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Milk is a fascinating food: it is produced by mothers of each mammalian species for consumption by nursing infants of that species, yet many humans drink the milk of another species (mostly cows) and they drink it throughout life.
Thus we might expect that this dietary practice has some effects on human biology that are different from other foods.
In Re-imagining Milk Wiley considers these, but also puts milk-drinking into a broader historical and cross-cultural context.
In particular, she asks how dietary policies promoting milk came into being in the U.S., how they intersect with biological variation in milk digestion, how milk consumption is related to child growth, and how milk is currently undergoing globalizing processes that contribute to its status as a normative food for children (using India and China as examples).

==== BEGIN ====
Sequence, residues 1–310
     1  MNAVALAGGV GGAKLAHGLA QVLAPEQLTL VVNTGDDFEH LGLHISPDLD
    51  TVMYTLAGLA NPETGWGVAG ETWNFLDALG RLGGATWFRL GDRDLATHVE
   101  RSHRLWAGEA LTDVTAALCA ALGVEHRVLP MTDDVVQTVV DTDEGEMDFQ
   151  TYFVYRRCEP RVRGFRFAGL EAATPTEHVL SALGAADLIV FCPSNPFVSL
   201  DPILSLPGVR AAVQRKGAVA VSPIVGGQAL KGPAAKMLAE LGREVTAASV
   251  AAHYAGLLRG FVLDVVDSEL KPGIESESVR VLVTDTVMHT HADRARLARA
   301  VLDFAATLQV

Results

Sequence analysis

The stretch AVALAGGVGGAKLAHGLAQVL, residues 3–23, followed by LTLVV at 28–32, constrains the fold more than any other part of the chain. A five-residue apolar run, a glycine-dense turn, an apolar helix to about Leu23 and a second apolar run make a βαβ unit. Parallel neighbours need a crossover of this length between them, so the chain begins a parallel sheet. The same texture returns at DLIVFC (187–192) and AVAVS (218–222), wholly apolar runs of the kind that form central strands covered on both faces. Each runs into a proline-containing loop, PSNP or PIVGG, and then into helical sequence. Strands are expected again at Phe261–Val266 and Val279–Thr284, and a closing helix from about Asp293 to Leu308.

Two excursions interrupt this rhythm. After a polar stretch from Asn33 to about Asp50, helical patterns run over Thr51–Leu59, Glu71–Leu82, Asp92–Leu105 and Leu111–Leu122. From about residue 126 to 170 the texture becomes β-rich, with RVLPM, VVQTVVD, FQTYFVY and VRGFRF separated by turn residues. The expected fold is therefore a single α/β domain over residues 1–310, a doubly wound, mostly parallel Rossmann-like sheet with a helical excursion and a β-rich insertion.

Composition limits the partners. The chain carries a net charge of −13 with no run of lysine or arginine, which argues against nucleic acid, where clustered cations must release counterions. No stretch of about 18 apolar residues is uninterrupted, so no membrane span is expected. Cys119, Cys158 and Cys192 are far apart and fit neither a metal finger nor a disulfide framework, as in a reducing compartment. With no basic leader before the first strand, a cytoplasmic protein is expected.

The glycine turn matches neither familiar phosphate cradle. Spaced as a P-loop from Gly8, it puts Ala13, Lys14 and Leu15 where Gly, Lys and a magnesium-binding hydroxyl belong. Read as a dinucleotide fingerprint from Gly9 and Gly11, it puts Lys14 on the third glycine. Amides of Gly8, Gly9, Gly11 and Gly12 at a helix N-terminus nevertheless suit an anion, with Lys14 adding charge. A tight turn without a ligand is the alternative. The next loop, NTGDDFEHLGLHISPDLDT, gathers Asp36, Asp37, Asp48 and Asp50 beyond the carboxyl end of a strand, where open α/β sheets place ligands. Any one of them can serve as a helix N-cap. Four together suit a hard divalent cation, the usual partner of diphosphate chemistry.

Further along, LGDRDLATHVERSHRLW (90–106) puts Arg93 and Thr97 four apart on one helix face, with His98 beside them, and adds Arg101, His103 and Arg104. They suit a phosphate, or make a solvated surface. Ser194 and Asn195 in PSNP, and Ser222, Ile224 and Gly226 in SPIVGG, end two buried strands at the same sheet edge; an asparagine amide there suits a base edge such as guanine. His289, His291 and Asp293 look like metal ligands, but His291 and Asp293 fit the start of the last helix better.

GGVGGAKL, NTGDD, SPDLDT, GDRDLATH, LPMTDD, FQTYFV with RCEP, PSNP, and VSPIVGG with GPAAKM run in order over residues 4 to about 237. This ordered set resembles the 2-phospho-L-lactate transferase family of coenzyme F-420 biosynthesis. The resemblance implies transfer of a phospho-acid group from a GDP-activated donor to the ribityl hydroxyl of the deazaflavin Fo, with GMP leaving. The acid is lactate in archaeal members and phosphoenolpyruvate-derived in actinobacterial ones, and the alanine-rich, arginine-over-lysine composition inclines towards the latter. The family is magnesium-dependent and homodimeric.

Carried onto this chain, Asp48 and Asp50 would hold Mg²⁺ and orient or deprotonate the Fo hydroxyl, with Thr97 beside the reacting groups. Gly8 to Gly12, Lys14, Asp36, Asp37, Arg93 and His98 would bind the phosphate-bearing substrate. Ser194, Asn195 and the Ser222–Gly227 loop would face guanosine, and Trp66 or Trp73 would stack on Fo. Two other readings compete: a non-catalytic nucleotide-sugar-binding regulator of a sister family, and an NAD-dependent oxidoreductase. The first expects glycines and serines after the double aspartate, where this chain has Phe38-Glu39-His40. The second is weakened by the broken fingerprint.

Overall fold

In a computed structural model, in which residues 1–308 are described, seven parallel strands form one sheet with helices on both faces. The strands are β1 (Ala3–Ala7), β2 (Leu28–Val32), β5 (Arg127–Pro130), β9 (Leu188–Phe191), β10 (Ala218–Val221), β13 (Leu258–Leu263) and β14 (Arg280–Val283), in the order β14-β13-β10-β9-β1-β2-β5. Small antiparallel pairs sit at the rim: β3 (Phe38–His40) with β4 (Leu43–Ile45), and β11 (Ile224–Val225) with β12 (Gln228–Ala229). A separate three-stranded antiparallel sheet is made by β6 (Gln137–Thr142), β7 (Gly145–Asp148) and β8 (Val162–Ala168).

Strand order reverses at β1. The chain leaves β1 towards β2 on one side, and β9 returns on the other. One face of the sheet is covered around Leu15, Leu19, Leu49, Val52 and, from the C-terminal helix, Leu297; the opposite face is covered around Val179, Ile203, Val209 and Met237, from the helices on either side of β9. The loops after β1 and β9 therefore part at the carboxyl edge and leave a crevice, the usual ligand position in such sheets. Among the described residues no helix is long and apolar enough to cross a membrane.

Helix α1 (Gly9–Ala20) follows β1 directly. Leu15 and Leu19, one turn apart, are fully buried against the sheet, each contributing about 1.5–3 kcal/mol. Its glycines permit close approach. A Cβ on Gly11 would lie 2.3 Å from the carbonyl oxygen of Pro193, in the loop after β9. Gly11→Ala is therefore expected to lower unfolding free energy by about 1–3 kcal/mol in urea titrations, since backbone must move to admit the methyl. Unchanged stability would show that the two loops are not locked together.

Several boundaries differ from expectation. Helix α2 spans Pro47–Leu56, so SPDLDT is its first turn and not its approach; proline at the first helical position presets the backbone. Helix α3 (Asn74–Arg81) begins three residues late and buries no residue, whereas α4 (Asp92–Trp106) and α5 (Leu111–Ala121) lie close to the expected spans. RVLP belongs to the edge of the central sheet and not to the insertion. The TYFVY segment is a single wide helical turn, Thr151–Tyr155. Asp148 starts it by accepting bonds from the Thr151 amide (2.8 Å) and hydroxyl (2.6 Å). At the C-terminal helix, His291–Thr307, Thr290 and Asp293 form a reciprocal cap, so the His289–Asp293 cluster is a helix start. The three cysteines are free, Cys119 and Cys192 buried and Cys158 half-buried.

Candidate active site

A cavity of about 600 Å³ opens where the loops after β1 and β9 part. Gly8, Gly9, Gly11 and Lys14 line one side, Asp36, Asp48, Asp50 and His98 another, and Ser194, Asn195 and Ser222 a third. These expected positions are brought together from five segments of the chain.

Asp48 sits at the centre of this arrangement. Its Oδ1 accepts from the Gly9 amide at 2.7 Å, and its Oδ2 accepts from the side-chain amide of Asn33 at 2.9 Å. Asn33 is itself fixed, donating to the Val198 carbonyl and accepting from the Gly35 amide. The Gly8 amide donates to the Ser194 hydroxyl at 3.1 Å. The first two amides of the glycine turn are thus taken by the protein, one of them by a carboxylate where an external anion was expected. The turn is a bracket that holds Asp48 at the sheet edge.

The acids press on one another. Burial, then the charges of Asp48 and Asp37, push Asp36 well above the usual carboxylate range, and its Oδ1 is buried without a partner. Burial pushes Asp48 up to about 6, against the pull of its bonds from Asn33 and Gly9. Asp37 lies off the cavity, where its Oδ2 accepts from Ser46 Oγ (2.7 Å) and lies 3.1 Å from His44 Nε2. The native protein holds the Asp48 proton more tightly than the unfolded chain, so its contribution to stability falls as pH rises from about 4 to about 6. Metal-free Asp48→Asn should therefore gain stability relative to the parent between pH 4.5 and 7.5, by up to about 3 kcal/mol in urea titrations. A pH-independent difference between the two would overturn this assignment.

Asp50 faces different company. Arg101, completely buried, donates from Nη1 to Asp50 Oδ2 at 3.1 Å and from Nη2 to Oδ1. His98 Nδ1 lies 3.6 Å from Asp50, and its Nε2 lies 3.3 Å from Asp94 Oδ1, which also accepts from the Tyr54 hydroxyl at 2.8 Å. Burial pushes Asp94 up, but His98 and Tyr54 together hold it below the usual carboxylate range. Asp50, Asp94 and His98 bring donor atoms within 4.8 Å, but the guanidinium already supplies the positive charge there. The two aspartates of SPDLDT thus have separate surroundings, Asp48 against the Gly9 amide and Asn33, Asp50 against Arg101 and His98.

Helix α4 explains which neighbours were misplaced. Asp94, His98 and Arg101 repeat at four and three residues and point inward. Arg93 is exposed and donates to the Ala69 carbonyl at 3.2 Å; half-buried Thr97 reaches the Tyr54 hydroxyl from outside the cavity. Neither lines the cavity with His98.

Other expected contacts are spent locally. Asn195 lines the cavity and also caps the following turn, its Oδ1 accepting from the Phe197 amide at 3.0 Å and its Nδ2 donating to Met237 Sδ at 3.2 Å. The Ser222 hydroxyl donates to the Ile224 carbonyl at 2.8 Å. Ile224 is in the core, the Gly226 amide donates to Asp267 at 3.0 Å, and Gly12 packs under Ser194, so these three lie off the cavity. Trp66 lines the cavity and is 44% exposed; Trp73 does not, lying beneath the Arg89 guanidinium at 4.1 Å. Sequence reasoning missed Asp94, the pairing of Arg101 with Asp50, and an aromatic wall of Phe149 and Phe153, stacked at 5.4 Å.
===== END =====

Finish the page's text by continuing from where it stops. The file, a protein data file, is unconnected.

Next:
Wiley challenges the reader to re-evaluate their assumptions about cows' milk as a food for humans.
Informed by both biological and social theory and data, Re-imagining Milk provides a biocultural analysis of this complex food and illustrates how a focus on a single commodity can illuminate aspects of human biology and culture.
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